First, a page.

[dropcap size=big]U[/dropcap]npredictability is Miley’s greatest asset. Following her public shaming of the hip-hop genre, I distanced myself from her. While I do enjoy her biggest hits, overall I’m indifferent towards her music. That is, excluding her 2015 independent album. Yes, Miley Cyrus and Her Dead Petz is the worst album I’ve ever heard. It is the one project I am comfortable giving a big, fat zero. Although I have done my best to blotch that disaster from my memory, it lingers with each new Cyrus release. During my first run-through of this new EP, I actually wasn’t mad, though it didn’t satisfy me either. Miley is an enigma, and will likely continue to be. Her personality supersedes the impact of her music, thus giving her free rein to make any kind of zany tunes she pleases. Here she regresses from her previous country-style album Younger Now.
Though at least this is not nearly as bad as Dead Petz. That is the sad reality surrounding Miley’s current music. She is yet to settle into a particular sound. However, that’s not always a bad thing. Few artists wish for genre-specific labels attached to their name. And if Miley is trying to rebel against that notion, then she is certainly doing a phenomenal job at it. Conversely, the utterly undercooked lyrics heard throughout SHE IS COMING prove Miley not only doesn’t care what others think of her, she hardly cares about her own music. At times, especially on the first two tracks, Miley comes off brave and almost thoughtful. “Mother’s Daughter” is easily my favorite of the bunch. “Don’t fuck with my freedom / I came up to get me some / I’m nasty, I’m evil / (Must be somethin’ in the water, or that I’m my mother’s daughter)”.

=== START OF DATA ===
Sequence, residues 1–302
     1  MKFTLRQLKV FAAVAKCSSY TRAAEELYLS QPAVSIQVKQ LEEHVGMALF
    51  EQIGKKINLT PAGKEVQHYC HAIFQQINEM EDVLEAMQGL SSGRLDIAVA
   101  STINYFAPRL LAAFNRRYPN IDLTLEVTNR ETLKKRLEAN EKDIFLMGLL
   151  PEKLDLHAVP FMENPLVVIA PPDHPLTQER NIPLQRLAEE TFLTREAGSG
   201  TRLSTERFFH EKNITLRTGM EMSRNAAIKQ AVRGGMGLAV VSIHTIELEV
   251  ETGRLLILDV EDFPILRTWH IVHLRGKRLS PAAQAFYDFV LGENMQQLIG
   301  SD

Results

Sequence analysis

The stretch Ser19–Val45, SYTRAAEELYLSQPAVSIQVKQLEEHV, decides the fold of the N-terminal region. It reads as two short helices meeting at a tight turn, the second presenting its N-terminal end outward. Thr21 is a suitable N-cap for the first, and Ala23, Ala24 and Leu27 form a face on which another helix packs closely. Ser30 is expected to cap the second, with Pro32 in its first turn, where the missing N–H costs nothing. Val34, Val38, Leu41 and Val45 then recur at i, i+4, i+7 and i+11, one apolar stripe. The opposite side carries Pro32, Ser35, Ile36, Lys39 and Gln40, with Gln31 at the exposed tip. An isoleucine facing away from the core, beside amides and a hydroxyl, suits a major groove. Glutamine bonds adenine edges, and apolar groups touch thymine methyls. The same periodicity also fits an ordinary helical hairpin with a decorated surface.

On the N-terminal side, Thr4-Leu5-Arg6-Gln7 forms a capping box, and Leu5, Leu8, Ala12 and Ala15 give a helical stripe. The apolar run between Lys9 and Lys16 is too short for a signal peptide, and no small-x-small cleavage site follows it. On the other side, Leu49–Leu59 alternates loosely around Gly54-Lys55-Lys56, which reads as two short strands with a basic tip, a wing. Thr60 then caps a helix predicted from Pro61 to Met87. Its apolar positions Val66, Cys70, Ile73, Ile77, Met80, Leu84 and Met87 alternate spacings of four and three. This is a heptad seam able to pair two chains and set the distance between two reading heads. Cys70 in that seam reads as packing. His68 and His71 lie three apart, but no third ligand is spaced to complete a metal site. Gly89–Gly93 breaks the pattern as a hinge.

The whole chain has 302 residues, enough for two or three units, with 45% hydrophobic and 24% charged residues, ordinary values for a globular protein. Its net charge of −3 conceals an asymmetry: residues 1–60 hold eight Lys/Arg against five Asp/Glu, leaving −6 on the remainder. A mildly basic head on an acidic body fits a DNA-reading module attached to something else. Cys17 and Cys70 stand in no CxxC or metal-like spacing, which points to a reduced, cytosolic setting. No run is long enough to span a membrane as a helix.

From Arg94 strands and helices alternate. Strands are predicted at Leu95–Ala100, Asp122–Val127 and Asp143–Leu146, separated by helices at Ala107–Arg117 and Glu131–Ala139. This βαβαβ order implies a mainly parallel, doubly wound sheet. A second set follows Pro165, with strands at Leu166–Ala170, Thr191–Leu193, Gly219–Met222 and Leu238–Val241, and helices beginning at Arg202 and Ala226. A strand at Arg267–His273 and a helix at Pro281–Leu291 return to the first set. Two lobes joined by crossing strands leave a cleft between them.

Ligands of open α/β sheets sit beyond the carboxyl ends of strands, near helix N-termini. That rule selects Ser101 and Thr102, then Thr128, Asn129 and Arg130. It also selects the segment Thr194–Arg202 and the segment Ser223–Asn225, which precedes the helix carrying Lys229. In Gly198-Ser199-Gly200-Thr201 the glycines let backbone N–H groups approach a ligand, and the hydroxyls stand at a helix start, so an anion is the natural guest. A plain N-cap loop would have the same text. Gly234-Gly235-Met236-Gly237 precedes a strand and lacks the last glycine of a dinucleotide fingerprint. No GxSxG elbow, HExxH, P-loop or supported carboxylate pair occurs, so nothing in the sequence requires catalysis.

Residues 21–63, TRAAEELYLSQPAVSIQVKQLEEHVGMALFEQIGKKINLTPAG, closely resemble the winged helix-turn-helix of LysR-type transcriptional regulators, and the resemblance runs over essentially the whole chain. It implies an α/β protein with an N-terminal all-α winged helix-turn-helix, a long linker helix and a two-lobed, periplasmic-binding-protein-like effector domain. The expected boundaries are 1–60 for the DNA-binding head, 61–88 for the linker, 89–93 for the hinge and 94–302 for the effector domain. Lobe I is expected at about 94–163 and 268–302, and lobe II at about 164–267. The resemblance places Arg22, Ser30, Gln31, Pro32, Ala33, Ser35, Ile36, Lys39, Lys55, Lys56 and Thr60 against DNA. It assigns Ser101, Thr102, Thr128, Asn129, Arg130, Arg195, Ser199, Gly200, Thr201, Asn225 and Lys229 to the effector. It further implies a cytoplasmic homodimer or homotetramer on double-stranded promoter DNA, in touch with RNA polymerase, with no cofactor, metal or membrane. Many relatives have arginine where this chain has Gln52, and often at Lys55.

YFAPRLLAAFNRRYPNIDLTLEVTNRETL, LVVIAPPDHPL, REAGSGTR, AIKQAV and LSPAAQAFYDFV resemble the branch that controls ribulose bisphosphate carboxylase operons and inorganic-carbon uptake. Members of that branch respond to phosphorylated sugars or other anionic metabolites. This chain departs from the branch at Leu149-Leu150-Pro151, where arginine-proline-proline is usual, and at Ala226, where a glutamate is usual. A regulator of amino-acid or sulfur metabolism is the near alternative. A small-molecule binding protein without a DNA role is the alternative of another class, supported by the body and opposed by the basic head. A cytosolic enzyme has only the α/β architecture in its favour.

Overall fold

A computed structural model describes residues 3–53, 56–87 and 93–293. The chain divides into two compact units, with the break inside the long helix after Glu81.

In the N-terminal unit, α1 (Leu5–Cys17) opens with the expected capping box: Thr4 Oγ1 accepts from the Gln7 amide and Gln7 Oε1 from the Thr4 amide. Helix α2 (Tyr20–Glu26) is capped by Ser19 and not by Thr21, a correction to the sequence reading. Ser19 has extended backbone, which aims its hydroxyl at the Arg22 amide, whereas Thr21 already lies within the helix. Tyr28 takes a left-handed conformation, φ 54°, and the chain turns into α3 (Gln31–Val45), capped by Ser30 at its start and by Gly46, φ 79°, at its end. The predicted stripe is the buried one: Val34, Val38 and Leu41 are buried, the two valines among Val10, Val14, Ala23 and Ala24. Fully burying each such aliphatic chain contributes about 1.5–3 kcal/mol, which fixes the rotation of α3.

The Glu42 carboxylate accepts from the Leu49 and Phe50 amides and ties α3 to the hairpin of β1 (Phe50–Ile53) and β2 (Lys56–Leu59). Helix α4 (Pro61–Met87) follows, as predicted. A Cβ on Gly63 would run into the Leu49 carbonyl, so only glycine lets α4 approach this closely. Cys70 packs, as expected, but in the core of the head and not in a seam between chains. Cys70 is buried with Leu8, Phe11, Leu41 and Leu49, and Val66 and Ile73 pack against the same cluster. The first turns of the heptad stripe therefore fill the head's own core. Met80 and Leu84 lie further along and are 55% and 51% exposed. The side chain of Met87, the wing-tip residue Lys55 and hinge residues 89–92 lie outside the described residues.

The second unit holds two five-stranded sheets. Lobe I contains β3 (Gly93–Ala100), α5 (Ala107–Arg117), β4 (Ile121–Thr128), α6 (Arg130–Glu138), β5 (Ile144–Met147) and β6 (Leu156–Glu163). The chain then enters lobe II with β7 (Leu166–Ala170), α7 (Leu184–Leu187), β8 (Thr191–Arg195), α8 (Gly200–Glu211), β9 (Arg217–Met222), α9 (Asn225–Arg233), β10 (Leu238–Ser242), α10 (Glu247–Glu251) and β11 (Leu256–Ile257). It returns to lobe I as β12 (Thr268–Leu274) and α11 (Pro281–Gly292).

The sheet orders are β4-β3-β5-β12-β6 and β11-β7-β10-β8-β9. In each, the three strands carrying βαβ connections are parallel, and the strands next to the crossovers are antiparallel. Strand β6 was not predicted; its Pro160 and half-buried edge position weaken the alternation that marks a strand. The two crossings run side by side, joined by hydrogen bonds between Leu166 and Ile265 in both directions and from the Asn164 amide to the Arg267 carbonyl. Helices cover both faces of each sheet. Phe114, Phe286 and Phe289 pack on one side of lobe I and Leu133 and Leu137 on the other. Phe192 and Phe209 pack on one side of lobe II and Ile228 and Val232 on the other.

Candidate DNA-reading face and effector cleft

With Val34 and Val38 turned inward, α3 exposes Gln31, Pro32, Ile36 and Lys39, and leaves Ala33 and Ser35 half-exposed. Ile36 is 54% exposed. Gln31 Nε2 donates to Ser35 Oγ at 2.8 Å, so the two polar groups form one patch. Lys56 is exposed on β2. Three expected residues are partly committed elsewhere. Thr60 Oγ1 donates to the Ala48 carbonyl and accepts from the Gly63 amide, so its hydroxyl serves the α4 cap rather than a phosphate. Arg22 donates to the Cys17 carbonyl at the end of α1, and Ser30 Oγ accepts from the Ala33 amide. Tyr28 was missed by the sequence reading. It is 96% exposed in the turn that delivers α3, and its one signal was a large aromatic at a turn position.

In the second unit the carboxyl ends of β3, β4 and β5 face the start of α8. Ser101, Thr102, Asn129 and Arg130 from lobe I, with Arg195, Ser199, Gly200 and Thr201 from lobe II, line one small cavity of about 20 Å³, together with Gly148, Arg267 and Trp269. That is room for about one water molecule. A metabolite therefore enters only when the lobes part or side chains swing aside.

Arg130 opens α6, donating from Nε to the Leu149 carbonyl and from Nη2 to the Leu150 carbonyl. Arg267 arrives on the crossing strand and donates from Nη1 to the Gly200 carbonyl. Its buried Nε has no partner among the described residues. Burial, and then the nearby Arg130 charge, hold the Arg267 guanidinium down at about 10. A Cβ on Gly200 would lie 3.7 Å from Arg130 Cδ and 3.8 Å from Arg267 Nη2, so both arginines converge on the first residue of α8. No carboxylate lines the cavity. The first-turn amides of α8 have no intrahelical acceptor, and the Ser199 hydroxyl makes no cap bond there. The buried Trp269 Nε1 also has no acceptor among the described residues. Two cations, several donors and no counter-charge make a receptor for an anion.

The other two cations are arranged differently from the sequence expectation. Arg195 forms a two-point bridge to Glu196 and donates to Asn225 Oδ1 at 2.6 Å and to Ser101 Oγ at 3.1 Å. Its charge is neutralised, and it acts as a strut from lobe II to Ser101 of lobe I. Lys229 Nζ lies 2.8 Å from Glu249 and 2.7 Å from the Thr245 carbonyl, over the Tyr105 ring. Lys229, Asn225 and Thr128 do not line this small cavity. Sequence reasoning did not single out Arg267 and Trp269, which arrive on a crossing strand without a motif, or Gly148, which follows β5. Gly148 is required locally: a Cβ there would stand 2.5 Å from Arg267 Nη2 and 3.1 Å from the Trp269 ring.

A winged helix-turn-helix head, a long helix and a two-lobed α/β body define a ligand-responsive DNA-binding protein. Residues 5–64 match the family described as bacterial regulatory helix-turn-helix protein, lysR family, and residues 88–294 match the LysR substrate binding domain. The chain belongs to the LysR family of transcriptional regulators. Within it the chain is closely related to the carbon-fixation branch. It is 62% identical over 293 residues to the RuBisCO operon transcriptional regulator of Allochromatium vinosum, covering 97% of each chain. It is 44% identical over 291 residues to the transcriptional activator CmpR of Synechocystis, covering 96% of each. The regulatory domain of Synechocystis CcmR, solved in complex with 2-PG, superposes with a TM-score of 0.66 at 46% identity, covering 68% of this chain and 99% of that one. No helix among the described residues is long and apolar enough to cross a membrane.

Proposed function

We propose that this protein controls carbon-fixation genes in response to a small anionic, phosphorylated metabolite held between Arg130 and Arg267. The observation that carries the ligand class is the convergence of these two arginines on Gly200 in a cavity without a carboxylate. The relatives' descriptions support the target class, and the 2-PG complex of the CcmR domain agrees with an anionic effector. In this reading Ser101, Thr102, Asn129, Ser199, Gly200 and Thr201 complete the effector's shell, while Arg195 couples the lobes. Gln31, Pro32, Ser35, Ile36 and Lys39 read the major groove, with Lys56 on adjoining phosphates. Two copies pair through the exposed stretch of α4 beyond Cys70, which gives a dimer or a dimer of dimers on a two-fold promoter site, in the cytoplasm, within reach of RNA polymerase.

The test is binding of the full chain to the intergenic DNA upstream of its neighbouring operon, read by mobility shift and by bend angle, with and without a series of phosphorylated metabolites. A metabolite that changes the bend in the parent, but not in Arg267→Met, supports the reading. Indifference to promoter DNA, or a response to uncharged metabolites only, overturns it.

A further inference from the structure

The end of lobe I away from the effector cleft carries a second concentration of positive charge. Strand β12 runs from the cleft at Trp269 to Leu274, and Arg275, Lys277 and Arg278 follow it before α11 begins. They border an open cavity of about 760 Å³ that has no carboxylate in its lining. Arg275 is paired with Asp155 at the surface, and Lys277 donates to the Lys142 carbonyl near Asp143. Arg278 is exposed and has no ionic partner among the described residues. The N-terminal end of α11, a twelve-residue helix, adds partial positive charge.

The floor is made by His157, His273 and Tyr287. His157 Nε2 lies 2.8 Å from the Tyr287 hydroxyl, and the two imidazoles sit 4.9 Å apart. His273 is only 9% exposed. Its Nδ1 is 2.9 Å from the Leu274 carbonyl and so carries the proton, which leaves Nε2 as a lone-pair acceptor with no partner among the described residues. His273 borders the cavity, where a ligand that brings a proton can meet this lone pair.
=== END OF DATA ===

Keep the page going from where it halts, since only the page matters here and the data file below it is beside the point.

Honestly, I can get down with that sentiment. Even though the beat behind her is a little run-of-the-mill, Miley opens this project surprisingly well. Nevertheless, as with nearly every Cyrus effort, it doesn’t take long for her progress to derail. In spite of its catchy tune, “Unholy” ended up leaving a scowl on my face. As I mentioned earlier, she bashed hip-hop for its misogynistic tendencies and drug-abuse glorification. Yet here Miley returns to a subtle trap sound and reiterates her love for drugs, exposing her as bit of a hypocrite. It’s very hard for me to respect Miley Cyrus as an artist when she blatantly milks trends for profit. The third track “Drugs.Rule.Everything.Around.Me” starts off kinda fire, which caught me off-guard. However, it goes south faster than two groupies on a tour bus. When Ghostface Killah (yeah, *that* Ghostface Killah) interjects the track, it instantly shits the bed.
Now, if you know me, you know how much I love Tony Stark. But goddamn, this collaboration is atrocious. His flow throws a giant monkey wrench into the song and ruins the vibe completely. I hate to type that; I really, really do. Fax are fax nonetheless. Essentially, for every solid or remotely positive piece of music on SHE IS COMING, Miley finds a way to make it cringe-worthy, snooze-worthy, or over-the-top. The best example of this is the flagrant song “Cattitude,” featuring RuPaul. Pardon my French, but Holy Fucking Shit — “Cattitude” is the most ridiculous mainstream song of the decade. RuPaul, though unapologetically vulgar, snaps a little bit. Miley, on the other hand, adds hyper-bland lyrics to an elementary rap flow that I’m sure a toddler could best. At least the beat isn’t half-bad. Even a touching closing track wasn’t enough to save SHE IS COMING from train-wreck status.
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